This Week's Clue: New Search for Content Business Models
SSP (Shameless Self Promotion)
SP (Shameless Promotion)
The Halo Effect
Why AOL's Risk Will Work
The Scam Mummy Returns
The dot-calm and Internet Depression have rightfully discredited many of the Internet Boom's key concepts. Ideas like "first-mover advantage" now draw chuckles from investors, as they should. It's far more important to do something right than do it first.
But there's one term that should not be discarded. That term is "business model." It has been discredited because so many companies failed to execute on their models, and many models were shown to be faulty. A business model alone is not enough.
But no new business works without a business model, and no new way of business is possible without new business models. The Internet, which is still a new medium, absolutely demands them.
Fortunately the search is back on. The difference now is that small-scale experiments with new models are taking the place of full-fledged investment. (That's good.)
You can see the new approach in the recent moves of Universal Music. The company has bought a variety of music sites with a variety of business models , and its marketers will now try and find out which model works best for which audiences. The company has demanded an assurance of success once new models are found, so it has locked-up every current method by which musicians might find their own models. But Universal's success, however it comes, will create a road map for others, and while Universal won't like to hear this others will follow it.
Content publishers are going about the search for new business models in a panic. Variety essentially removed itself from the Net and began offering its content only to print subscribers (selected by the publisher) and paid subscribers. Salon went to begging its readers for money, threatening to inundate them with intrusive ads if they didn't pay.
I've had several conversations with Web publishers in recent weeks. All bemoan the fact of Internet advertising's collapse, all are desperate to either force registration, payments, or both. I have found that approach Clueless, and have told them so.
I have talked before of how publishers must know their readers and define their markets if they want to build serious businesses. But it's just as important to understand how you proceed to widen your sources of revenue.
The trick is to understand leakage and to up-sell.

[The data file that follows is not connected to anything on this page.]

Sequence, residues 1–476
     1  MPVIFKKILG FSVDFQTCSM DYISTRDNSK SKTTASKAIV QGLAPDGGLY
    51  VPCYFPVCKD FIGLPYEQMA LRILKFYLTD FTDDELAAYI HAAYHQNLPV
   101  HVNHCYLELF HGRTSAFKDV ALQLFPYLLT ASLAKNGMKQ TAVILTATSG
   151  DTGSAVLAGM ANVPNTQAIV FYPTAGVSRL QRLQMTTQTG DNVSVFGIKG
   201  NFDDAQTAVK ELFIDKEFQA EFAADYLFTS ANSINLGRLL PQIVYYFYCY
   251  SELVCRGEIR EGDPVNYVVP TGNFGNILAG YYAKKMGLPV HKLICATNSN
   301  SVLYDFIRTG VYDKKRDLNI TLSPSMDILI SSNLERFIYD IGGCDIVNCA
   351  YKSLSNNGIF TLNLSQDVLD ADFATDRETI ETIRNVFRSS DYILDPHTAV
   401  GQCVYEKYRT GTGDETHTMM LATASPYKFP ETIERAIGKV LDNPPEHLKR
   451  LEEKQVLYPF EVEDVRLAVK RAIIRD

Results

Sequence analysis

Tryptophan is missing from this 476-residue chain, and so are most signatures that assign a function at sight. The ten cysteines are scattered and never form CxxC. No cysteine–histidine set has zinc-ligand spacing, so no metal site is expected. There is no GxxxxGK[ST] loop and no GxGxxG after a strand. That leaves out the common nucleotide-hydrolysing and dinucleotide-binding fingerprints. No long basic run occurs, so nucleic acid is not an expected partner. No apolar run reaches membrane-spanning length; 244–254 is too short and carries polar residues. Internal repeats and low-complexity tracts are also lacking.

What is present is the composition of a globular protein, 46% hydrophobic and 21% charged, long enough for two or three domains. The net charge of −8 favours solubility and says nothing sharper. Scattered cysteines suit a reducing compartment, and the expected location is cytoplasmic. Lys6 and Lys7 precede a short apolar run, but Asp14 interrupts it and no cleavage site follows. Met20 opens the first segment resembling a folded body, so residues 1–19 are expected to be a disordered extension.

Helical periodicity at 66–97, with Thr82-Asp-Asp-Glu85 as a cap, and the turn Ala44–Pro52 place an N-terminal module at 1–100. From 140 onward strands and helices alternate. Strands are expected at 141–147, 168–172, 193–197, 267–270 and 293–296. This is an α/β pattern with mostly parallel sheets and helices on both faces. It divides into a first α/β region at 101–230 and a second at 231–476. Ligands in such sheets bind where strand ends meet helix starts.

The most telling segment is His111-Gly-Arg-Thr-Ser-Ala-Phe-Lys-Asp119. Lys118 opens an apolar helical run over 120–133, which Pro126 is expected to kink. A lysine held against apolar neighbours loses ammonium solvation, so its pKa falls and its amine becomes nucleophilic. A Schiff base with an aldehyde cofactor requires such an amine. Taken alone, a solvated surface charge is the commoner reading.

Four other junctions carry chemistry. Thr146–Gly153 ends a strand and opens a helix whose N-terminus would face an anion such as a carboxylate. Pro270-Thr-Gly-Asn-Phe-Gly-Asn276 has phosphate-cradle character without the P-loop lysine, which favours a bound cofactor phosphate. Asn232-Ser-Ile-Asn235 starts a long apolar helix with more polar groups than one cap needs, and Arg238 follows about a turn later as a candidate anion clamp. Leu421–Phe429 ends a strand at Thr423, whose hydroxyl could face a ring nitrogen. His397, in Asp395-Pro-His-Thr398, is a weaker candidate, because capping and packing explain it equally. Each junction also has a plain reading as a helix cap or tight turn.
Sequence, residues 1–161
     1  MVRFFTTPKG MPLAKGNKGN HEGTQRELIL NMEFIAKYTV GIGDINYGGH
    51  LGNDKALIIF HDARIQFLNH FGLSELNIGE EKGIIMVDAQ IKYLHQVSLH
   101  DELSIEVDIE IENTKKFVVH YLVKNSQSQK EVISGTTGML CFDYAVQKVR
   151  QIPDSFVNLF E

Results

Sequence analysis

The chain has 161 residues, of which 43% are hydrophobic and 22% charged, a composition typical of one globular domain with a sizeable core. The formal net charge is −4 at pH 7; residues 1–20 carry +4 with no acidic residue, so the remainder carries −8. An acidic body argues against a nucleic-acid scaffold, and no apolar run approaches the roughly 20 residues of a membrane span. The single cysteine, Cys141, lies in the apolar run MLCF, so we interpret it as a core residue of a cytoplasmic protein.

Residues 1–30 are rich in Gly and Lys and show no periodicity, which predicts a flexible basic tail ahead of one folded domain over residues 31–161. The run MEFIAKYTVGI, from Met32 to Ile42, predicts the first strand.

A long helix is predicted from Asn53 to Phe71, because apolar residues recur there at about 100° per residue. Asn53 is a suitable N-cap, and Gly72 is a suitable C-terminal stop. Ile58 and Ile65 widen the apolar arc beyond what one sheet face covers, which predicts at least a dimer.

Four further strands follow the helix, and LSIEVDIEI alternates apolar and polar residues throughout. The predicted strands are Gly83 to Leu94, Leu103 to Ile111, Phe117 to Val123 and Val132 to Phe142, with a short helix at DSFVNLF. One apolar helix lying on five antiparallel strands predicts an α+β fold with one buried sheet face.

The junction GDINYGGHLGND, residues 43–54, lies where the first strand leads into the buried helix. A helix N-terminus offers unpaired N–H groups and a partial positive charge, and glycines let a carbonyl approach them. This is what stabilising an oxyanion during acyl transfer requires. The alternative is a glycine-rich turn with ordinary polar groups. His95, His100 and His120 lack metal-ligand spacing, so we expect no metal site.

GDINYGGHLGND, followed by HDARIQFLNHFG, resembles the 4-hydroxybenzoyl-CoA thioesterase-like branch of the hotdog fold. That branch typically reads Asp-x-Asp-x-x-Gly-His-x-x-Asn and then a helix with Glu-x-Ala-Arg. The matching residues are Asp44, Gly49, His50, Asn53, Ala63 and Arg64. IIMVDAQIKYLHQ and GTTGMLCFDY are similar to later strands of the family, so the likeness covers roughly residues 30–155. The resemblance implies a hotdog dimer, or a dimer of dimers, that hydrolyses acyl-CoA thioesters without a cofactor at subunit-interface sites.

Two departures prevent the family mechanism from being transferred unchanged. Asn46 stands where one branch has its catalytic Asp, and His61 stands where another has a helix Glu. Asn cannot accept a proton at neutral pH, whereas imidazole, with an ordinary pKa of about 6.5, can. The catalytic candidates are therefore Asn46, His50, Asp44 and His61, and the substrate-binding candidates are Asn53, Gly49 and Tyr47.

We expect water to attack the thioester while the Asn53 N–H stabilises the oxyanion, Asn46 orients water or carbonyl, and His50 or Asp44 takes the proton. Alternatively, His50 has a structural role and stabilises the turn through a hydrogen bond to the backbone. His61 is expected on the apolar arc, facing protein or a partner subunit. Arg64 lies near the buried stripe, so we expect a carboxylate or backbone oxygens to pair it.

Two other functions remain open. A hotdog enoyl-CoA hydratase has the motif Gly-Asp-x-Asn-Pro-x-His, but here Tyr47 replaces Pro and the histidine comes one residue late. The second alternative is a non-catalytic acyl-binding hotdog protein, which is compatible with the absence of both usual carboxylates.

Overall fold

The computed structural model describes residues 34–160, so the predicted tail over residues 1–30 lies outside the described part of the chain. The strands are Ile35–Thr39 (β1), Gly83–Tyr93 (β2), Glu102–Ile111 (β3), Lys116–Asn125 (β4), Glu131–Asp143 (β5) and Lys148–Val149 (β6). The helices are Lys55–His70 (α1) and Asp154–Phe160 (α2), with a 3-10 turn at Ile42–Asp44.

When you try to make people register for content you will lose many readers. They will leak away from you. You must provide an incentive for gathering their information. You should also make it as easy as possible for them to give this information. In the short term integrating with something like the Gator wallet, so simple questions can be answered in one-click, would be a great move for any publisher. In the longer run some standard for collecting information into registration databases should be created, perhaps in conjunction with an auditing organization.
Any publisher now offering content free would be unwise to suddenly slap a cash register on their site. They'll reduce traffic by 90%, maybe more, if they do. But a package of e-mail, interactive, and premium content (perhaps with delivery to wireless devices) could be combined into a "membership" that might be up-sold. Figure that initially only 10% of your readers will register and 10% of them will buy the member package, but that's a start. You build on that, executing your strategy steadily, increasing the incentives to register and improving the value of the membership bundle.
Here's the key Clue from this week I want you to memorize. Permission is the key to finding new content business models.
I'm working on what I call the "first book of the 21st century," a tome that will combine insight and hyperlinks. It's about half-done, and I'm looking for publishers as well as publicity. Drop me a note if you want to learn more
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Takes on the News
The Halo Effect
One of the great proofs we're still in a technology recession (despite a recent run-up in stock prices) is in the "halo effect" that a well-capitalized company can give one less well endowed with money through a simple announcement.
A great example was to be found last week when McAfee said its products would support Microsoft's Hailstorm . The news was no surprise (McAfee has been tightly aligned with Microsoft for years) nor was it really a big deal, but McAfee's stock price jumped over 50% when the news hit .